> Seventh Avenue, diversions will be at 42nd Street. Diversions will
> occur one hour before the convention begins, for a total of 13 hours
> all week. For a maximum of 18-20 hours, areas from 42nd to 23rd will
> be closed to traffic on Seventh and Eighth; at least 1-3 lanes will be
> open at other times.)
> Tuesday, August 31
> US Open Tennis, 11 a.m. to 7 p.m.
> Yankees home, 1 p.m.
> NARAL (National Abortion and Reproductive Rights Action), 8 p.m. 31st
> and 7th Ave.
> Postal Unions protest, 2 p.m. 31st and 7th
> People for the Americans, 5:30 p.m. Central Park
> Wednesday, September 1
> Anti-gun display, 6 a.m. Union Square Park
> The line, 8 a.m. employment line (There will also be a group who will
> be creating an unemployment line from the Garden up Broadway, with
> each demonstrator holding a pink slip. No permit was needed for this.)
> US Open Tennis, 11 a.m. to 7 p.m.
> Mets, 7 p.m.
> Yankees, 7 p.m.
> Central Labor Council, 4 p.m. 31st and 7th
> National Organization of Women, 7 p.m. Central Park
> NYC Host Committee concert, 7 p.m. Central Park
> RNC starts at 8 p.m.
> Thursday, September 2
> US Open, 11 a.m. to 7 p.m.
> A major demonstration(s) is expected, though none are scheduled with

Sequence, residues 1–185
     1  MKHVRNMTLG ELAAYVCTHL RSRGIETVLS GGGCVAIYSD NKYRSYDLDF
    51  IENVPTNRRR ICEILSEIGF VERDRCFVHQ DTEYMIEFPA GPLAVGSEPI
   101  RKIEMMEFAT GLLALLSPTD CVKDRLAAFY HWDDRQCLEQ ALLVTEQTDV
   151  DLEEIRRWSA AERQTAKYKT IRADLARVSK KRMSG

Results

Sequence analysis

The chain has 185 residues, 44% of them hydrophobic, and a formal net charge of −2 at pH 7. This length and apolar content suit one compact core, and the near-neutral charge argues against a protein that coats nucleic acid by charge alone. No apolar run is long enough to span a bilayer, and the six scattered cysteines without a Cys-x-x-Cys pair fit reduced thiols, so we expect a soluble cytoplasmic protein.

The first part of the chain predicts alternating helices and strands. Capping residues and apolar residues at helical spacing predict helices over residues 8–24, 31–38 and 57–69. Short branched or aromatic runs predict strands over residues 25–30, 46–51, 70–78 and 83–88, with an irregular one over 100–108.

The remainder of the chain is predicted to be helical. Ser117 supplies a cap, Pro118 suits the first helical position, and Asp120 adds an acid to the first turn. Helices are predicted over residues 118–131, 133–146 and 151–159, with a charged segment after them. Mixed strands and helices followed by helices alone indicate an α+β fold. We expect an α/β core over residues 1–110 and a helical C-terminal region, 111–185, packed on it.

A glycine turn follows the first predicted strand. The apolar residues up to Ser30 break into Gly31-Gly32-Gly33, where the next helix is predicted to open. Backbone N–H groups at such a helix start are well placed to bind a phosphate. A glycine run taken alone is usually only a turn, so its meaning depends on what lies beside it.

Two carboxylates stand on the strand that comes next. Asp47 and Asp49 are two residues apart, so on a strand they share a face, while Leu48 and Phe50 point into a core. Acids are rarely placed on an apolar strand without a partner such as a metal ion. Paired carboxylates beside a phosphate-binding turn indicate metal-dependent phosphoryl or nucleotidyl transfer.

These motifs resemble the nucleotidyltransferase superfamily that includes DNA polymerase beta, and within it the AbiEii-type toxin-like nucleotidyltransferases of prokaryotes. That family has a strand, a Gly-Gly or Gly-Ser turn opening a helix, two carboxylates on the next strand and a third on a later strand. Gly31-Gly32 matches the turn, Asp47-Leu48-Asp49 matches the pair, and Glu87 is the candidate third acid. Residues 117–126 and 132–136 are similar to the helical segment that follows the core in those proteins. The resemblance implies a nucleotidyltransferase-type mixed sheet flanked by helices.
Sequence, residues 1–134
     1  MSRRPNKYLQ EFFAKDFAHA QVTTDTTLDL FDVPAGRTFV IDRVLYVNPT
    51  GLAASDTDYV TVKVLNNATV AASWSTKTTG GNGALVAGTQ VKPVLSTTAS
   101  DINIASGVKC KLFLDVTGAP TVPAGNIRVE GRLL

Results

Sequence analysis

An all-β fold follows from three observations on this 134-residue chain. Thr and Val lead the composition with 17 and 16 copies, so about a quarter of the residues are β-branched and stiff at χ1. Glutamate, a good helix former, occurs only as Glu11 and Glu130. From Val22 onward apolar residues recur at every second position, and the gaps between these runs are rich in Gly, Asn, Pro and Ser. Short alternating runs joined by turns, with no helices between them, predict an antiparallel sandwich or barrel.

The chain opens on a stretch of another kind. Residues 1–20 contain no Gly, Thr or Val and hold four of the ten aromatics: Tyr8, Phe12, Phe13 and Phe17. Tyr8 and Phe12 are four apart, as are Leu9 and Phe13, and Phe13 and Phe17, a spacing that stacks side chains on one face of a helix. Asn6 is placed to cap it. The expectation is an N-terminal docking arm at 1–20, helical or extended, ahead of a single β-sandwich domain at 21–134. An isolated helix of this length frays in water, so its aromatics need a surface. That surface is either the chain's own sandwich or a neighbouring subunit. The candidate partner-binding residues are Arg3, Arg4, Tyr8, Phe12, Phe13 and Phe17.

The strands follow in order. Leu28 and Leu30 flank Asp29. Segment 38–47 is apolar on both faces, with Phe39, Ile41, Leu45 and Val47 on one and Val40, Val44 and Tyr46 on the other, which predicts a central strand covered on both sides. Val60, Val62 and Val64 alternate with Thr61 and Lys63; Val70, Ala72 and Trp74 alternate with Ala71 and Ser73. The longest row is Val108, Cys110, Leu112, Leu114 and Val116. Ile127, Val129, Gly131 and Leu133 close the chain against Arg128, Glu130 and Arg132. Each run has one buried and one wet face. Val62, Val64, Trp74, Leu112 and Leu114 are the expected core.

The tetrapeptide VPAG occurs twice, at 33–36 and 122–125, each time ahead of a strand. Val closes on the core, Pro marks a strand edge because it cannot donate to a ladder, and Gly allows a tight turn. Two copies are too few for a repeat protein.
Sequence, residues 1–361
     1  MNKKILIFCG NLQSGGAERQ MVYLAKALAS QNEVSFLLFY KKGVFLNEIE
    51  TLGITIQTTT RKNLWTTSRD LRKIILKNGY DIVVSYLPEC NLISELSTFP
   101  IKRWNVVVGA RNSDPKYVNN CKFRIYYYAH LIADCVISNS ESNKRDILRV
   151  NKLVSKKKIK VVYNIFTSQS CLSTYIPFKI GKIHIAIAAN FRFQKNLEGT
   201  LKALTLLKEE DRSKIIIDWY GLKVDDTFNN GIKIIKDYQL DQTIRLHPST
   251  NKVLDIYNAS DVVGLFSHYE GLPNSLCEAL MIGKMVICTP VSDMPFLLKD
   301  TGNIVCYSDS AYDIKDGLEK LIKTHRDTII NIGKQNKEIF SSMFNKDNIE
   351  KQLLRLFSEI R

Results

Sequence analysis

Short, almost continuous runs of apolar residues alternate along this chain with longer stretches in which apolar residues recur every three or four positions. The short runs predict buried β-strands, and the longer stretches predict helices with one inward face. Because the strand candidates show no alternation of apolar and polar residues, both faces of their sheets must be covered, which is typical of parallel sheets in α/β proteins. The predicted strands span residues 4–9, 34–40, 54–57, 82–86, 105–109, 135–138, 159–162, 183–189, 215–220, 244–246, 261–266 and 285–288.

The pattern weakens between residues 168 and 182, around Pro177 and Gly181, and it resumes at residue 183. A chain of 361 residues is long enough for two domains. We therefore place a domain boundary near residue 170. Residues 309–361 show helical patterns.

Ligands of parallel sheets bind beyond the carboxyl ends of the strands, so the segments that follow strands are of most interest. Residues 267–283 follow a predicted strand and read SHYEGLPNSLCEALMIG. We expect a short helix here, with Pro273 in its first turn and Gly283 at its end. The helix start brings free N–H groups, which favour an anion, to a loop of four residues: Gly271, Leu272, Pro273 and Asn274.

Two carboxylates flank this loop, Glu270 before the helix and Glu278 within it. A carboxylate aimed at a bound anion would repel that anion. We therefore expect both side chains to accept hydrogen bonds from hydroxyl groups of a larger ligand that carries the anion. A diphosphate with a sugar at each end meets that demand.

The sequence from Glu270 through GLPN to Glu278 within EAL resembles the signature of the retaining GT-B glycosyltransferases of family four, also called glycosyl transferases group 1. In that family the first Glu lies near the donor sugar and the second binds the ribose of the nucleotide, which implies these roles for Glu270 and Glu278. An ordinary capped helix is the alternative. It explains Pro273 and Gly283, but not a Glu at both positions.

> permits issued
> Mets, 1 p.m.
> Yankees, 7 p.m.
> RNC in session 8 p.m.
> Friday, September 3
> US Open, 11 a.m.
> Delegates, candidates leave city
> Communications
> Most news organizations will have T-1 lines inside the Garden and
> those with RNC credentials will be able to gain access to the Farley
> Post Office. There are numerous Starbucks, Kinkos, and T-Mobile stores
> that offer T-Mobile WiFi access throughout the city. Also, Verizon
> WiFi currently works throughout the city and sites are available on
> the Verizon Web site on the Internet.
> (Compiled and written by Todd Maisel. Maisel is a member of the
> photography staff of the New York Daily News. He was chair of this
> meeting, serves as secretary of the New York Press Photographers
> Association, and is a member of National Press Photographers
> Association.)

by teru kuwayama at 2004-08-25 11:59:57 UTC (ed. Mar 12 2008 ) | Bookmark | | Report spam→

too bad I don’t have a press pass. think it’s too late?

by [unverified member] | 25 Aug 2004 16:08 | | Report spam→

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teru kuwayama, I/O teru kuwayama
New York , United States
Matt Ipcar, Matt Ipcar
Washington, Dc , United States ( DCA )